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School board agrees on Apple settlement

Administrator not to return

MIFFLINTOWN — A settlement agreement between the Juniata County School District and former Juniata High School principal, Edward Apple, may affect the consequences related to felony theft charges against him at the Court of Common Pleas in Juniata County, but will ensure his employment is not reinstated with the district.

The board unanimously approved the settlement Thursday during its regular meeting.

According to Scott Etter, the district’s solicitor, Juniata County District Attorney Cory Snook agreed to accept Apple into an Accelerated Rehabilitative Disposition program on his felony charges — provided the school district is agreeable — and in exchange, Apple will withdraw a pending appeal he has with the state secretary of education, which challenges his dismissal.

Apple’s dismissal was approved by the board in a 7-0 vote in September. Board members Amy Wagner and Danny Snyder were not permitted to vote due to a lawsuit filed by Apple’s attorney claiming bias against Apple.

The vote followed weeks of hearings that were held after the school district accused Apple of taking steel tables and other items from the now-closed Lack-Tuscarora Elementary School for use on his private hunting grounds on New Year’s Day and for misconduct related to using money from a “slush fund” to purchase a birthday lunch — which included alcoholic beverages — at at Mifflintown restaurant during work hours.

As part of the agreement made on Thursday, the district will not oppose Apple’s entrance into the ARD program as a consequence for the criminal charges against him.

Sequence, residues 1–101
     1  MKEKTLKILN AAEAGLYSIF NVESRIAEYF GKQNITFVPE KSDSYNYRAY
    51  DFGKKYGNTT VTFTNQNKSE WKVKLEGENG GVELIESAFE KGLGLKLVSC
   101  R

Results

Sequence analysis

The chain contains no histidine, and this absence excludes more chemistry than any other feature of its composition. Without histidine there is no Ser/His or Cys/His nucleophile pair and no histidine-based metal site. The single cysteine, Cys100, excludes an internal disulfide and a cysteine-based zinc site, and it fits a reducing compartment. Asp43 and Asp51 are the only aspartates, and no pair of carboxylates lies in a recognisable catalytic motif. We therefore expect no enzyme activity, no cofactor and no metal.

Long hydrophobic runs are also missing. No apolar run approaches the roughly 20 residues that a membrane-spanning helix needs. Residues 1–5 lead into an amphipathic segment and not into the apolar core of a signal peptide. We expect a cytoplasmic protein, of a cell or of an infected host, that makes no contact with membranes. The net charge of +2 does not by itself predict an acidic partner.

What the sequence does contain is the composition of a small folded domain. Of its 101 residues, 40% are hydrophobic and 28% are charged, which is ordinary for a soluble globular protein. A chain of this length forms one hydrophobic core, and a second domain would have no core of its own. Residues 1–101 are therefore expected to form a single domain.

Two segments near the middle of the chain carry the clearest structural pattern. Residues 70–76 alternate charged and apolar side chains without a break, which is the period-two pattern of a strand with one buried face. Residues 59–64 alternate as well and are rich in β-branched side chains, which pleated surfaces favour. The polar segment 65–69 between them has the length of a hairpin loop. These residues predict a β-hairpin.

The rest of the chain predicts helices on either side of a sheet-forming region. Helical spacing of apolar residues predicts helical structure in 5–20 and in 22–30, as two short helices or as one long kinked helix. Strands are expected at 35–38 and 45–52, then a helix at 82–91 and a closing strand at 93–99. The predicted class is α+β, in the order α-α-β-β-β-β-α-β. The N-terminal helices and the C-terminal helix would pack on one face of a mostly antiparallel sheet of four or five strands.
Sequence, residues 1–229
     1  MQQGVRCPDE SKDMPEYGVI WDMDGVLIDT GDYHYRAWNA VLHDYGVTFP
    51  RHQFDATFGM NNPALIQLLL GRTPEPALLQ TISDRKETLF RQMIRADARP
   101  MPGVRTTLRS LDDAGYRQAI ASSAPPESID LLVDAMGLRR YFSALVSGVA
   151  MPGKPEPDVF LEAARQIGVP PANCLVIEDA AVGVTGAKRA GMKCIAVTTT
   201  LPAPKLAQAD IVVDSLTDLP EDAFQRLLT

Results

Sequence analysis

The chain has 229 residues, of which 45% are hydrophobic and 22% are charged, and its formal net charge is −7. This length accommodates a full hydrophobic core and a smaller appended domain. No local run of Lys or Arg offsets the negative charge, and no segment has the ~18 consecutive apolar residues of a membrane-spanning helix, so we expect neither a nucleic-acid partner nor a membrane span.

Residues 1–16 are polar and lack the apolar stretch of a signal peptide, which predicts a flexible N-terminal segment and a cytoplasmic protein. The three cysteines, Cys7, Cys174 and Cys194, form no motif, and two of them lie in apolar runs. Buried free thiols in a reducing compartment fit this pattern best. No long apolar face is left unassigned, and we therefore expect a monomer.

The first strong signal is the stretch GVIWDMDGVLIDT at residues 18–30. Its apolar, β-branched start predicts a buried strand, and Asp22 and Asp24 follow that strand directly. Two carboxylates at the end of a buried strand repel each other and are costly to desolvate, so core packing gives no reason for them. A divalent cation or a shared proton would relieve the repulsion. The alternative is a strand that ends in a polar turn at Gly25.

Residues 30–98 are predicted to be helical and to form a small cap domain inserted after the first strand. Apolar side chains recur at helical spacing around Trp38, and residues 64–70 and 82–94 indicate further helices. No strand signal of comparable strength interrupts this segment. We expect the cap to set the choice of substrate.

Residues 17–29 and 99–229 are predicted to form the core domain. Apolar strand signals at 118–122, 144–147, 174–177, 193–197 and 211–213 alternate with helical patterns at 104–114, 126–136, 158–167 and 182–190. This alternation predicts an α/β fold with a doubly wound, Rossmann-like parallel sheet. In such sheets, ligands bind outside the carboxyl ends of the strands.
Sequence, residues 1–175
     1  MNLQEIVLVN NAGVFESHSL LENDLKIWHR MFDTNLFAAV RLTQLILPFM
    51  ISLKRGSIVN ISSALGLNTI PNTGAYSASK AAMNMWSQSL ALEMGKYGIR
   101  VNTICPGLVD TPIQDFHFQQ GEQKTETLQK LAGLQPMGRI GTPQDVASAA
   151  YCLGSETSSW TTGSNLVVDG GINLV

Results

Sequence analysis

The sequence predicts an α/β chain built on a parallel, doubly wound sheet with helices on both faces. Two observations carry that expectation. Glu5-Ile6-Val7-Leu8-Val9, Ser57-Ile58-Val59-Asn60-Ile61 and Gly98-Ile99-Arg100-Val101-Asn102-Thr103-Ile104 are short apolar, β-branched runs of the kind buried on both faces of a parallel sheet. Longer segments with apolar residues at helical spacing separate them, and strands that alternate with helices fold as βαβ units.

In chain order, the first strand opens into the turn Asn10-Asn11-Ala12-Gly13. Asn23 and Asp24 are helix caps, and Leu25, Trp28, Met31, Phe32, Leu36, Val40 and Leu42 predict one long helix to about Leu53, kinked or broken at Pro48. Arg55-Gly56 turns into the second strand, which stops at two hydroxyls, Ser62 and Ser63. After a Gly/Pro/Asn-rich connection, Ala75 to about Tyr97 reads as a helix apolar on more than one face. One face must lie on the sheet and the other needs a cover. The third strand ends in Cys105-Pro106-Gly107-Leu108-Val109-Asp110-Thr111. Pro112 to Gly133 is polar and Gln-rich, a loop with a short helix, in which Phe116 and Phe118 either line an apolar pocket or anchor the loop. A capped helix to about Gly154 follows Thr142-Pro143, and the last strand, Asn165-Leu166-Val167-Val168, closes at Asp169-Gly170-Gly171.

The criminal charges were filed after former superintendent Keith Yarger submitted his letter of resignation. The resignation caused widespread speculation among members of the community, which prompted Snook to direct the Pennsylvania State Police to launch an investigation.

As a result of the investigation, Apple was charged with multiple felony counts of theft and conspiracy to commit theft, along with Yarger.

Etter said Apple will execute a release so he will have no claim against the school district.

If the board had not approved the agreement, “the worst case scenario for the district would be that the secretary of education would reverse what the board had done to dismiss Mr. Apple or that if the secretary did not reverse, that a commonwealth court appeal might do that. If that were to be the case, Mr. Apple would be reinstated as an administrative employee. He would be entitled to back pay from the time his salary was ended and you would have to bring him back as an administrator at or about what his pay was prior to this happening,” Etter told the board of directors “None of that will happen with this agreement.”

Etter said he, as well as attorneys Howard Kelin, of Lancaster-based law firm, Kegel, Kelin, Almy and Lord, who represented the board of directors and Lewistown attorney Orris Knepp, who advised the superintendent during the due process hearings “wholeheartedly endorse” the agreement.

“We understand that there are other considerations, but we believe in balance that this is the best way for the district to move forward,” Etter said.

Etter maintained that Apple would not receive payment as a result of the agreement.

Board member Joseph Shearer said he is disappointed with the outcome, but felt his vote is what was best for the district.

“I wanted to see a trial. I think this is their way of saying they’re guilty … I know a lot of people are going to be upset that they didn’t go to trial. I’m one of them,” he said.

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